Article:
The number of Hillary Clinton emails flagged for potentially classified content has grown to more than 300, Fox News has learned — with the potential to grow even more as officials scramble to screen the documents.
The State Department revealed the updated count in a federal court filing, which pertained to Clinton emails sent to other agencies for review. An official familiar with the investigation confirmed to Fox News that, as referenced in that filing, the department has recommended 305 of Clinton’s emails be sent to various agencies for review to see whether they contain classified information.
The number could continue to rise as officials comb through more documents; the past three State Department releases have contained a total of 63 classified emails to date.
Clinton’s presidential campaign has insisted she never exchanged emails marked classified at the time while secretary of state. “She viewed classified materials in hard copy in her office or via other secure means while traveling, not on email,” campaign Communications Director Jennifer Palmieri said in an email to supporters last week.
But the steady trickle of information about sensitive details crossing her server, which she only recently gave to the FBI, has complicated her presidential bid.
On the trail, she recently tried to downplay the controversy with a joke. “By the way, you may have seen that I recently launched a Snapchat account. I love it, I love it. Those messages disappear all by themselves,” she said.
Asked about the quip in an interview with Fox News on Monday, New Jersey Gov. Chris Christie said, “Her arrogance is breathtaking.”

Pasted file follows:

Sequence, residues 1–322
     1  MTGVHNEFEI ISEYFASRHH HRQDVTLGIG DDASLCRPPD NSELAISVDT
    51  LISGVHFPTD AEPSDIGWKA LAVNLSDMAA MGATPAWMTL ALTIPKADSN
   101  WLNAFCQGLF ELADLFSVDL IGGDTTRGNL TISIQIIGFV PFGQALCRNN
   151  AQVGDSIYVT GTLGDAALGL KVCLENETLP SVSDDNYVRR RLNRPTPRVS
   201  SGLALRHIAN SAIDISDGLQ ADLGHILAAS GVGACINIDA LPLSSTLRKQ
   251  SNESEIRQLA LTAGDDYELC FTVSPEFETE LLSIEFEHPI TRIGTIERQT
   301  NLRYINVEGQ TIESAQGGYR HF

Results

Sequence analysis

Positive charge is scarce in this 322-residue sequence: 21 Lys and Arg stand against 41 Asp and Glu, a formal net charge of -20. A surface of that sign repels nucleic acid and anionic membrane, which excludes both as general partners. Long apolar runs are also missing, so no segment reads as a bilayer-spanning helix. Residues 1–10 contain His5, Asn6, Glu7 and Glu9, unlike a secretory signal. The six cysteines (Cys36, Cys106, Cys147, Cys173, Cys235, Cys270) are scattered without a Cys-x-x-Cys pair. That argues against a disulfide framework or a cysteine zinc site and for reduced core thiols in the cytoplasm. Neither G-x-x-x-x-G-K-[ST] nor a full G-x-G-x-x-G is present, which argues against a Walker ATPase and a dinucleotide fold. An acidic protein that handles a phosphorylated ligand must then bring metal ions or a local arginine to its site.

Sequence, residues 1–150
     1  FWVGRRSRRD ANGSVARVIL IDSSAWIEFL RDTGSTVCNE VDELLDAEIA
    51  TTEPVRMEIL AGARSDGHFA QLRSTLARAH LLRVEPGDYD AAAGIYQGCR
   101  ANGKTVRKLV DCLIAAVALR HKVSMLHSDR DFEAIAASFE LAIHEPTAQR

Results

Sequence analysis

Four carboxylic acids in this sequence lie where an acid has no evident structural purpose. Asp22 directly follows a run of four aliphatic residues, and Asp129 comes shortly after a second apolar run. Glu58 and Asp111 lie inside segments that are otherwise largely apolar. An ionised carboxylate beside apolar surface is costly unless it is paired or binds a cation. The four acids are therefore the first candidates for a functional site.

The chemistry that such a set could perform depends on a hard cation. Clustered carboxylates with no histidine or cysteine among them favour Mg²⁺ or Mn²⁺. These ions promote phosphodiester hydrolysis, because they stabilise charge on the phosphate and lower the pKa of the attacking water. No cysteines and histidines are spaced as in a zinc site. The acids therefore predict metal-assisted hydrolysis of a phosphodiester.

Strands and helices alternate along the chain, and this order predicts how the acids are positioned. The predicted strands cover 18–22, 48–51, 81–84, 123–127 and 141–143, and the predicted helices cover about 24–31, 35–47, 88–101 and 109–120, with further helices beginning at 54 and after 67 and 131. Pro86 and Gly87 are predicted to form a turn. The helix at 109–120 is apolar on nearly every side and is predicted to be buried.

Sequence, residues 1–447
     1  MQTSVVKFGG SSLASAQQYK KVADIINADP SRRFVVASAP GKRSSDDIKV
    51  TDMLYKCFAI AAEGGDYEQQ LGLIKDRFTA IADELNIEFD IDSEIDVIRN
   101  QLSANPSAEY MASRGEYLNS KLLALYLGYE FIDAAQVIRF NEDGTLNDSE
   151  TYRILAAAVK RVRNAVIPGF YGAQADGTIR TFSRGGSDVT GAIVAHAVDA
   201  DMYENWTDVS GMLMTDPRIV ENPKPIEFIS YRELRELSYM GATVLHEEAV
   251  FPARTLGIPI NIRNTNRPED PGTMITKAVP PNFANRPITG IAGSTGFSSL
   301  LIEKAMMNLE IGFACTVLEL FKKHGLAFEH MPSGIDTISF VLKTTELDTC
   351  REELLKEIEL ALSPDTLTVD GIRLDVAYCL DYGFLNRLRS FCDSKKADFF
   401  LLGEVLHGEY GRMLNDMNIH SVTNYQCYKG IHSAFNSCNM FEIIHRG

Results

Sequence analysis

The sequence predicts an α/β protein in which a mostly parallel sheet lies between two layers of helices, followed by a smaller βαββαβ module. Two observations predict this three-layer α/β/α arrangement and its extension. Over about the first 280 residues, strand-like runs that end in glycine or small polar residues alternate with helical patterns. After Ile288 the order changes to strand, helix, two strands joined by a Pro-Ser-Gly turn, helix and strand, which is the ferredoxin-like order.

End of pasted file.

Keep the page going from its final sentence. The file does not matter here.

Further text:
“I worked for the federal government for seven years as a U.S. attorney. It was made clear to all of us when we walked in the door, official business is done on your official email account,” said the GOP presidential candidate.
The State Department came up short in the last email release, unable to meet the court-ordered mark of releasing 15 percent of the emails by July 31.
But The Washington Times reported Monday that officials say they are getting back on track. As part of that process, the Times first reported, the department told the U.S. District Court for the District of Columbia on Monday that out of a sample of 20 percent of Clinton’s 30,000 emails, reviewers recommended 305 (about 5 percent) be sent “for referral to their agencies for consultation.”
Asked for comment on the filing, a State Department official said intelligence community reviewers “are conducting a relatively simple screening process to determine whether there are IC equities in the emails.” The emails are sent for “consultation” when a reviewer identifies such an “agency equity” in an email.
The official said these referrals are a normal part of the process and do not mean the consulted agency will propose a particular outcome. Rather, the official said, the agencies are just being asked to review them.
A court has set up a schedule for the next several months for Clinton emails to be released by the State Department.